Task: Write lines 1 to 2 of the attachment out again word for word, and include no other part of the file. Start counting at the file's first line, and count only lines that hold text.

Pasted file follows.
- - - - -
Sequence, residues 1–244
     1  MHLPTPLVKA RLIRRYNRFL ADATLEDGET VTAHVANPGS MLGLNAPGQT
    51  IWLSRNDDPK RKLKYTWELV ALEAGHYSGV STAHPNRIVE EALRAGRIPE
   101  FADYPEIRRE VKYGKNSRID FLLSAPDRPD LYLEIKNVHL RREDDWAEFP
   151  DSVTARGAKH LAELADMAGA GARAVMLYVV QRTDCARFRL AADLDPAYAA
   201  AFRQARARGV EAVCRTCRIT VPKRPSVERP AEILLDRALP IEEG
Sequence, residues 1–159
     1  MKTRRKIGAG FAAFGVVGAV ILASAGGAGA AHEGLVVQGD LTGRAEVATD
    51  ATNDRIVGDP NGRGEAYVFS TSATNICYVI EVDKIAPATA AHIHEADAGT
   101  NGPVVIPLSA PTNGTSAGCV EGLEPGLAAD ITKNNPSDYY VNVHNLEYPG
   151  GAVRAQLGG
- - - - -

Sequence, residues 1–244
     1  MHLPTPLVKA RLIRRYNRFL ADATLEDGET VTAHVANPGS MLGLNAPGQT